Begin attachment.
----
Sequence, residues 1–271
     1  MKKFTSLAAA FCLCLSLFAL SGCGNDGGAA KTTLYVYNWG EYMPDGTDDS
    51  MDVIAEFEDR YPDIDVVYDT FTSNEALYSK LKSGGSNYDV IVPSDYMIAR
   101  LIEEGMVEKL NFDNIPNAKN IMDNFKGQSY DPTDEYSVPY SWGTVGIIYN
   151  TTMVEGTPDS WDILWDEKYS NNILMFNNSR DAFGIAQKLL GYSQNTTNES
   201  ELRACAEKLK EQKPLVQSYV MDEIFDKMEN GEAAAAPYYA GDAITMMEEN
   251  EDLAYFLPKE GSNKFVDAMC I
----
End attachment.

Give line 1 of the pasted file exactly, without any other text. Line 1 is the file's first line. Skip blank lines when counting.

Sequence, residues 1–271